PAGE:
no matter how extreme, vituperous, or vigorously expressed they may be. (NJSC)

    Copr. 2008 Brian Schenkenberger. Publication of _this_ usenet article outside
    of usenet _must_ include its contents in its entirety including this copyright
    notice, disclaimer and quotations.

  14. Re: DEFCON 16 and Hacking OpenVMS

    bugs@signedness.org wrote:

    > That is the reason for using the FILE.EXE program.


    Does FILE.EXE need to be installed with privileges and/or executed from
    an account with elevated privileges ?

  15. Re: DEFCON 16 and Hacking OpenVMS

    VAXman- @SendSpamHere.ORG wrote:

    > OK. I'm most confused. How do you invoke SYS$CREPRC from DCL?


    $HELP SPAWN
    $HELP RUN process

    and to the original poster:

    $HELP SHOW PROCESS /OUTPUT

  16. Re: DEFCON 16 and Hacking OpenVMS

    sampsal@gmail.com wrote:

    > 3. It is possible to execute shellcode stored in logicals, however.
    > 4. Therefore the code injected after the overflow executes some other
    > code stored in a logical.



    Since there is no such thing as "shellcode" in VMS, it would greatly
    help if you use terminology native to VMS so we could understand it.

    For an application to execute the content of a logical name, it would
    need to first extract those contents into memory, and then declare that
    area of memory to be executable and then branch to it. This doesn't
    happen by mistake/luck.

  17. Re: DEFCON 16 and Hacking OpenVMS

    In article <48a5dcd2$0$1847$c3e8da3@news.astraweb.com>, JF Mezei writes:
    >VAXman- @SendSpamHere.ORG wrote:
    >
    >> OK. I'm most confused. How do you invoke SYS$CREPRC from DCL?

    >
    >$HELP SPAWN
    >$HELP RUN process


    I know that JF. He said he called from his shellcode. I now see, thanks
    to another poster, that it is NOT what I understood it to be. These unix
    guys can be so confusing.



    >and to the original poster:
    >
    >$HELP SHOW PROCESS /OUTPUT


    Yeah, he still hasn't clearly stated WHY he needs to run a special program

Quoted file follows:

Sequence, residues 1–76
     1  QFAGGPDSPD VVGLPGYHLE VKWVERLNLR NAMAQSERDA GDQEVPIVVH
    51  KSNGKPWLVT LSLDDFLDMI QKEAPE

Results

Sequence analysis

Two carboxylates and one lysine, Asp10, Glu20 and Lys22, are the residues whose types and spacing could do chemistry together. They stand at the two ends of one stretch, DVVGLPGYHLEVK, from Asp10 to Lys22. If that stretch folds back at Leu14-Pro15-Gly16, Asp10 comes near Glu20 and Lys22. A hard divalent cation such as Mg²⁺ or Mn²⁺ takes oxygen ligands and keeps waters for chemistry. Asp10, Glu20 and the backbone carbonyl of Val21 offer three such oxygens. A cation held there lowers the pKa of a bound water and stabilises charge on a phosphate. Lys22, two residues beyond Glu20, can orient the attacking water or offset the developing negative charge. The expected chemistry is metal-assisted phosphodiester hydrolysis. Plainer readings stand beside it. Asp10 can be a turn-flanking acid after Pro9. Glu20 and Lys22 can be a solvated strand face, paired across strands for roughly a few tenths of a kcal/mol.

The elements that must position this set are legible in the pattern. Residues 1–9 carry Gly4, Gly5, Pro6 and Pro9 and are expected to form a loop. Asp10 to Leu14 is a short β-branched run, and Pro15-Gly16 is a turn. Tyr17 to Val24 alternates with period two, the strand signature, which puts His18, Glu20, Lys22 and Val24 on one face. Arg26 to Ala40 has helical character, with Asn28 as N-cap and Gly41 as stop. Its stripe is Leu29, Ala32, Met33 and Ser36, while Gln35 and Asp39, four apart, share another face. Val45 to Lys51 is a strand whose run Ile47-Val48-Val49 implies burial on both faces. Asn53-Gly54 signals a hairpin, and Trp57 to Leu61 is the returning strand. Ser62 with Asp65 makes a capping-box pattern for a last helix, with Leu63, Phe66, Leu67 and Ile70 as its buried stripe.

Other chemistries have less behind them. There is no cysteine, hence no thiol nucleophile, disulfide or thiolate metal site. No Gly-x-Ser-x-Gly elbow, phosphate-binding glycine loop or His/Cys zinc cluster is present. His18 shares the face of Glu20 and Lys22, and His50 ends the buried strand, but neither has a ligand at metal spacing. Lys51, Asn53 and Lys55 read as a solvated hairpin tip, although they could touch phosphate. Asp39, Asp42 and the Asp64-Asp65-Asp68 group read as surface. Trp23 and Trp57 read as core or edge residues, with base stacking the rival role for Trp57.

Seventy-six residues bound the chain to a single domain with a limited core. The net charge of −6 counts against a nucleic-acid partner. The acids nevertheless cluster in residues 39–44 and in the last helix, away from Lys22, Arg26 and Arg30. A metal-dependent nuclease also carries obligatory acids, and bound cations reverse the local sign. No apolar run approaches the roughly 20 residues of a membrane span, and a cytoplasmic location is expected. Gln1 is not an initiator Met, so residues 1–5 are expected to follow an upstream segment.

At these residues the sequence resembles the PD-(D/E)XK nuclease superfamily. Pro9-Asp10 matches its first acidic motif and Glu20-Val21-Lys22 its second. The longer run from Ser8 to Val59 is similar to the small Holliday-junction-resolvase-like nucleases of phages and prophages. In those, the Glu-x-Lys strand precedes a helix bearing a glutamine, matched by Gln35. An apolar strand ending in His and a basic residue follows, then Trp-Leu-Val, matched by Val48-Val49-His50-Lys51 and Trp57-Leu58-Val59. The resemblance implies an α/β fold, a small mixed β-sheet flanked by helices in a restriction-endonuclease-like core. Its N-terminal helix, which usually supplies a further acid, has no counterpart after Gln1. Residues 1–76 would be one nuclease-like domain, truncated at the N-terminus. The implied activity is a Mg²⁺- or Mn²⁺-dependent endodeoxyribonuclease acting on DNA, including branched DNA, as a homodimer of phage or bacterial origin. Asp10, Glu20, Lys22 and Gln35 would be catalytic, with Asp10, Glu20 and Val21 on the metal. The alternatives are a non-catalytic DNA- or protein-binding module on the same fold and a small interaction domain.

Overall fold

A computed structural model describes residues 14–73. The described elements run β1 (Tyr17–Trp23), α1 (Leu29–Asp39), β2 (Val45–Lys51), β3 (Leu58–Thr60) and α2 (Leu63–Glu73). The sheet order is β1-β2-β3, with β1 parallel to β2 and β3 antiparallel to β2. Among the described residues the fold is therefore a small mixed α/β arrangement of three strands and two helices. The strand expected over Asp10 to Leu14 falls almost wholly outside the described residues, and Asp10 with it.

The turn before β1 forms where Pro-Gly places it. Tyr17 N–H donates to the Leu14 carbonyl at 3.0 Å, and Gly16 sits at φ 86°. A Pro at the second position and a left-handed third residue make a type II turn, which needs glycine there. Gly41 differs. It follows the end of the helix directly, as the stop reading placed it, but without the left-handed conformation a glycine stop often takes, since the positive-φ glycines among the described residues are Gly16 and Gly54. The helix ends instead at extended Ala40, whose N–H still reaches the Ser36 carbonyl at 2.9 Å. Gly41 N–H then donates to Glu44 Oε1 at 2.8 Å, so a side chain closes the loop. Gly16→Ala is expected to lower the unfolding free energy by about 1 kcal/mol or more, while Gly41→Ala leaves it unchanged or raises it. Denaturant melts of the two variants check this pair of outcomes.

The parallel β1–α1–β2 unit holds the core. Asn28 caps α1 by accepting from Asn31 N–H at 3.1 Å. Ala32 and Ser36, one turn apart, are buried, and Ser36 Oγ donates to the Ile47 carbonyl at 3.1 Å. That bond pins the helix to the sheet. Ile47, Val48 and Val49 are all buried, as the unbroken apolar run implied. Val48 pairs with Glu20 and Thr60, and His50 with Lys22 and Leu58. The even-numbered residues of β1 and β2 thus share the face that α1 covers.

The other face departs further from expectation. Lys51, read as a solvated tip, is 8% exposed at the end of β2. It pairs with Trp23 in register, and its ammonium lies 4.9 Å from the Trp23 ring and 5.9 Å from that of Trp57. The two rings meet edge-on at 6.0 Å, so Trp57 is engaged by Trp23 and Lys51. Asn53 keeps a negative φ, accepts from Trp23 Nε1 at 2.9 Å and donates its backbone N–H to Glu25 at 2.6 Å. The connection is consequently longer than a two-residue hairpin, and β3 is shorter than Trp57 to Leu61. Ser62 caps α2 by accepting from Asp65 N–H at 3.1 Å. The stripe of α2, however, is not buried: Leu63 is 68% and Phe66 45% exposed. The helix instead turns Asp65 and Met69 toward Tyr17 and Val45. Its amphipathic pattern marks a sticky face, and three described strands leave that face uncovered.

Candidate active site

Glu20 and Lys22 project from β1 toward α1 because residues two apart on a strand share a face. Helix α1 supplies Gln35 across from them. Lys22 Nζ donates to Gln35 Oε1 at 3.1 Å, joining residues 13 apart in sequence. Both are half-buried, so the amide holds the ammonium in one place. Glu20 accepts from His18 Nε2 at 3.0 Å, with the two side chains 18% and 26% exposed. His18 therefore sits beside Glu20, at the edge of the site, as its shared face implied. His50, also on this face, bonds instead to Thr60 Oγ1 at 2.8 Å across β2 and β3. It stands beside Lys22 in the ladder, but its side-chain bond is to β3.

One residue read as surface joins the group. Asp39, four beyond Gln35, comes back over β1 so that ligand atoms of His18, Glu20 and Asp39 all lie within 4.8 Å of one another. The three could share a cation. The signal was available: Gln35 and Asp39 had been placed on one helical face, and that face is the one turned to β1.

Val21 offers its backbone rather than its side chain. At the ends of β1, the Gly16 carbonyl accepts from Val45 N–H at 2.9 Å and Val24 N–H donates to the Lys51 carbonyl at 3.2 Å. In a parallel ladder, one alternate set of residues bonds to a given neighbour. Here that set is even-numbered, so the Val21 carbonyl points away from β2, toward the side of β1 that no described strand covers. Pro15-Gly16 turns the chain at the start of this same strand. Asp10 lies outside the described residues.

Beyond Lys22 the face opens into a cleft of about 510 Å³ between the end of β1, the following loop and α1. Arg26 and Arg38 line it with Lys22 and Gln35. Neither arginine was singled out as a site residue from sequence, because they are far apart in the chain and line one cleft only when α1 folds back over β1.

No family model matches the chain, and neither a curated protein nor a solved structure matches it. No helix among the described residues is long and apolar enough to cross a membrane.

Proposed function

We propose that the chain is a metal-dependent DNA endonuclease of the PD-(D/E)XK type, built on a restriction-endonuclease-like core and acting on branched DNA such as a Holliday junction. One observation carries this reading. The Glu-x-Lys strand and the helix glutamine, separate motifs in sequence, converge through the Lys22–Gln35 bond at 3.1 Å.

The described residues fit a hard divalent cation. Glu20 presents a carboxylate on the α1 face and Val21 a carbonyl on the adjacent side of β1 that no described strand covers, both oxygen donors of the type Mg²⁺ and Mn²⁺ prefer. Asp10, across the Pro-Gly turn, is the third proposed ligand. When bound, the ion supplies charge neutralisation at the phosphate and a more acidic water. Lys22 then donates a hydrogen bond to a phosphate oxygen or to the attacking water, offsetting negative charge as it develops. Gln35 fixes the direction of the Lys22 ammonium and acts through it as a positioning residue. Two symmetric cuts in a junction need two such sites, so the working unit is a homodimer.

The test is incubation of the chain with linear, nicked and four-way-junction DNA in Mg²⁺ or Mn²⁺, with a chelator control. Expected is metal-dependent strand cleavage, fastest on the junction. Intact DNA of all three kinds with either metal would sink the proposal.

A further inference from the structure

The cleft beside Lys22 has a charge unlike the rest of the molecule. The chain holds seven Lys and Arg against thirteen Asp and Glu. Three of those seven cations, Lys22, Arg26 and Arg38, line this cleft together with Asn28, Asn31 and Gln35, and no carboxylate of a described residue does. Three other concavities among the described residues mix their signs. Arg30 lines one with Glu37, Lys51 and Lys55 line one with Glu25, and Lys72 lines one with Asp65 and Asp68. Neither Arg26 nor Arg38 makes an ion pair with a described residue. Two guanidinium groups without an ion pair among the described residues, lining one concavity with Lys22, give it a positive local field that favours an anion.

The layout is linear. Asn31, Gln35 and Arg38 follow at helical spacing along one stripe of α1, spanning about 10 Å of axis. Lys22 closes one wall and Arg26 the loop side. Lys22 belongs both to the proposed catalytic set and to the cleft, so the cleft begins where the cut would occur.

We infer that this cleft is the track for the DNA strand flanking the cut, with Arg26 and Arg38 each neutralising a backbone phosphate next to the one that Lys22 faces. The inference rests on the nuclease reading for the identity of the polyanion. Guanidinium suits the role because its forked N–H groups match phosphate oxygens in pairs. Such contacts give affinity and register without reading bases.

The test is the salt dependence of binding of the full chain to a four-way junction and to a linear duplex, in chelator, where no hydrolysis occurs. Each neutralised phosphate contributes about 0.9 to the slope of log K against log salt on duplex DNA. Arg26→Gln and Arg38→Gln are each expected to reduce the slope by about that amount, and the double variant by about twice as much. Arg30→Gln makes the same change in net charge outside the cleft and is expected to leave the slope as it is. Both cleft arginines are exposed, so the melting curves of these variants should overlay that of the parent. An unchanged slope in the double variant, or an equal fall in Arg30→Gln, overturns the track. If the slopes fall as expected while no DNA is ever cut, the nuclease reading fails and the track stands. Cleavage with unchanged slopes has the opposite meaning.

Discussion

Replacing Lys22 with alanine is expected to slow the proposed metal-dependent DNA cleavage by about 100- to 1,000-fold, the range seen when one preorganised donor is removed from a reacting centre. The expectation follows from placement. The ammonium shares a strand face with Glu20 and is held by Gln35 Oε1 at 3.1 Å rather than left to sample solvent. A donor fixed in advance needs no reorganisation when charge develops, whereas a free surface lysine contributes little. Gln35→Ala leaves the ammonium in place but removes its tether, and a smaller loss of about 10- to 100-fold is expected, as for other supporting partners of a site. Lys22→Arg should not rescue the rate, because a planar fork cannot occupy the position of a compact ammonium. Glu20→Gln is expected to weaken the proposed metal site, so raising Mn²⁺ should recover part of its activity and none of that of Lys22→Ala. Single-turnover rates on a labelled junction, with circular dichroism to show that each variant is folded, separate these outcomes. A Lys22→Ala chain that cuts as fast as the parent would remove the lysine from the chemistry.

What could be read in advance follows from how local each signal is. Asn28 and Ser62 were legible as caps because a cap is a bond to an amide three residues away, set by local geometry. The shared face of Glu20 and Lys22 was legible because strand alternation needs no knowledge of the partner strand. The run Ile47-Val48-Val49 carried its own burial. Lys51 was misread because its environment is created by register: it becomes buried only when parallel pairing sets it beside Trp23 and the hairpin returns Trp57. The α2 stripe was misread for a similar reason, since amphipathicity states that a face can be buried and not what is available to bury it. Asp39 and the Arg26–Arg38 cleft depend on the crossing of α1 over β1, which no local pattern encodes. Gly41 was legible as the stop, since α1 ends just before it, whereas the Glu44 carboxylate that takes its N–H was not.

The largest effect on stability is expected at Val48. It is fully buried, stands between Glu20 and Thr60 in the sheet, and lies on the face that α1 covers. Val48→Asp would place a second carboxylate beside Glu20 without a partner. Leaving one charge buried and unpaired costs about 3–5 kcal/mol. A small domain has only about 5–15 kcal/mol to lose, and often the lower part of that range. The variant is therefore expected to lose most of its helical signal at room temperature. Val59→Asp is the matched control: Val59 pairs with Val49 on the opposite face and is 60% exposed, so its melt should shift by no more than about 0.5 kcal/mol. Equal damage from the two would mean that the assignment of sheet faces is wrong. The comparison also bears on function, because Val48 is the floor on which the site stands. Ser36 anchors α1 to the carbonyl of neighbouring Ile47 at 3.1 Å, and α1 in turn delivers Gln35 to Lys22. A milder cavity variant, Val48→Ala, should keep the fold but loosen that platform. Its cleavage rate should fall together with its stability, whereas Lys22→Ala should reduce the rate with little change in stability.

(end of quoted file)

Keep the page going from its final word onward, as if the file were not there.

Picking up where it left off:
to garner the process's privies when SHOW PROCESS/PRIV works JUST FINE.

    --
    VAXman- A Bored Certified VMS Kernel Mode Hacker VAXman(at)TMESIS(dot)COM

    .... pejorative statements of opinion are entitled to constitutional protection
    no matter how extreme, vituperous, or vigorously expressed they may be. (NJSC)

    Copr. 2008 Brian Schenkenberger. Publication of _this_ usenet article outside
    of usenet _must_ include its contents in its entirety including this copyright
    notice, disclaimer and quotations.

  18. Re: DEFCON 16 and Hacking OpenVMS

    On Aug 15, 8:49*pm, JF Mezei wrote:
    > samp...@gmail.com wrote:
    > > 3. It is possible to execute shellcode stored in logicals, however.
    > > 4. Therefore the code injected after the overflow executes some other
    > > code stored in a logical.

    >
    > Since there is no such thing as "shellcode" in VMS, it would greatly
    > help if you use terminology native to VMS so we could understand it.
    >
    > For an application to execute the content of a logical name, it would
    > need to first extract those contents into memory, and then declare that
    > area of memory to be executable and then branch to it. This doesn't
    > happen by mistake/luck.


    Ok, sorry guys, I'll stop using the term shellcode and use the term
    exploit payload from now on, if that's ok with everyone? Bugs?

    Anyway, I'm not going to rehash the whole explanation, but yes JF,
    you're right, it doesn't happen by mistake or luck, instead there's a
    small payload that follows the overflow which triggers the system into
    executing the larger payload stored in the logical. I hope this makes
    a bit more sense.

    Bugs, can you verify my explanation is correct?

    Sampsa


  19. Re: DEFCON 16 and Hacking OpenVMS

    bugs@signedness.org wrote:

    > since the exploit take advantage of an error to take control of the
    > execution flow.


    You mean you have discovered error handlers in VMS where you can
    register a subroutine to execute when errors/access violations happen in
    an executable program ?

    Those are fully documented. No exploit there.

    > Since the PC is controlled in the CLI bug we simply jump to the
    > address of a logical that contains the
    > shellcode that we want to run.